Stored canola with moisture content higher than 8% will be at higher risk of spoilage as temperatures warm up this spring. Farmers with high-moisture canola will need a plan to protect that canola – and turning on the fans without adding heat to the air might not be the best approach. This time of year, most days are poor drying days. When air is not warm enough to actually do any drying, then you’re just warming up the bulk enough to give a head start to the microbial processes that lead to spoilage. Read the full article. The Canola Encyclopedia also has a section on the limitations of natural air drying.
Reader question on storage of high-green canola
The question: “I have canola set to go out April and July. Some is in 36-foot 7-ring bins (25,000 bushel), some is in 10,000-bu and 5,000-bu hoppers. All bins have air. Grain is dried to 7.5% to 9% moisture, so I’m not concerned about that, but I have green counts anywhere from 2% to 22%. How would you recommend storing it? Canola is cold now, but I have options to move it around to hoppers or flat-bottom bins. Since my bins will get hot in the summer and create sweating on outsides of the bin, there could be a big difference in temperature from the outside edge (40°C) to the inside of the bin (-10°C).
The response (from CCC agronomy specialist Angela Brackenreed): Unfortunately, there is no literature available on large scale storage of green seed, but we of course know from smaller scale work that green seeds are typically higher moisture are more biologically active, therefore creating more volatility within the bulk. However, after time, respiration of these green seeds will diminish, and they can be stabilized at cold temperatures.
Based on observation from storage researchers at the University of Manitoba, they recommend assuming for every point of green seed, the “safe storage time” be reduced by approximately 5%.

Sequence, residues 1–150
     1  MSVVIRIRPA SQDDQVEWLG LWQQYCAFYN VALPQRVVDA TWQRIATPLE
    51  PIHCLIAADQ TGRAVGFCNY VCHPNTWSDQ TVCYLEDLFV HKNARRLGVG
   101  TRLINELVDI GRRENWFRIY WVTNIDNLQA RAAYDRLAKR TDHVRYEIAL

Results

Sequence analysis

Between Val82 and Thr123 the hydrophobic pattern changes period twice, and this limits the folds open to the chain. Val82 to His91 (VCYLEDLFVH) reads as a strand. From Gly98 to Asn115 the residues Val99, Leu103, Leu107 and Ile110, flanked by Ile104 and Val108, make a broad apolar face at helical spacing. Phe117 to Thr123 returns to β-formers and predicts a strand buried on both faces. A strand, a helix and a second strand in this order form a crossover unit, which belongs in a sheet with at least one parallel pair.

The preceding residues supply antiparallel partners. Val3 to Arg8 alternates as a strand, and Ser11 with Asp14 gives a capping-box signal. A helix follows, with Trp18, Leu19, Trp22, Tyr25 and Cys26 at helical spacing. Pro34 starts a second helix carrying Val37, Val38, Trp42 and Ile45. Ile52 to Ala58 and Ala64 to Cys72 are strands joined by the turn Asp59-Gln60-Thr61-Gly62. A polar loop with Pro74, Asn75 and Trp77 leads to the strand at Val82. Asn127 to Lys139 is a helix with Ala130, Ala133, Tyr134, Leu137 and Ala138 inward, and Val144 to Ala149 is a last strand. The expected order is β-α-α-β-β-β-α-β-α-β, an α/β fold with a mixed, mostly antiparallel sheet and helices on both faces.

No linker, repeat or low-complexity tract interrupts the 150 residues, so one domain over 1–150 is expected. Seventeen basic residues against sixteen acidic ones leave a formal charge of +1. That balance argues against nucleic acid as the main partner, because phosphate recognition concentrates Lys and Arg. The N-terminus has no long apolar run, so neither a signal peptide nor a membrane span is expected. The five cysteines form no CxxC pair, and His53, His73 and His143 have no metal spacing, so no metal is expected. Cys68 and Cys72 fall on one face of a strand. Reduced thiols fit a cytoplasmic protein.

If there were no green seed in the bulk’s you’ve described, it could be cautiously assumed that your bulk should be stable for well over 20 weeks, likely upwards of 40+ weeks. The higher green count bulks would be considered very unstable, particularly right after harvest, but the lowest counts could be managed for approximately 18 to 38 weeks. I realize this is a massive range, but it will be so dependent on things like distribution of green seed throughout the bin (ex. pockets or evenly mixed), degree of immaturity of the seed, as well as other conditions of the canola like any mold growth, degree of dockage/ fines, etc.
Larger bin storage can certainly be more risky with much greater insulative capacity if temperatures do start to rise. Splitting up loads into smaller quantities could certainly be helpful, particularly if it means you’re allowing more ventilation room inside the bin.
Even with high temperature differentials from the outside of the bin to the inside central core, the bins monitored during summer storage showed more stable conditions when they were not warmed up or turned. These bins had no green seed, so we cannot assume your situation to be the same. With limited moisture to actually migrate in your situation, the risk should be lower with regards to temperature differentials in the bin.
I’d be most cautious with the highest moisture and highest green count bins- turning and reducing the overall volume per bin. If there is no instability in the bin, turning may not actually promote longer safe storage days, but it is still the best way to break up any hot spot formations (that can easily go undetected by cables). I would not recommend warming the grain up.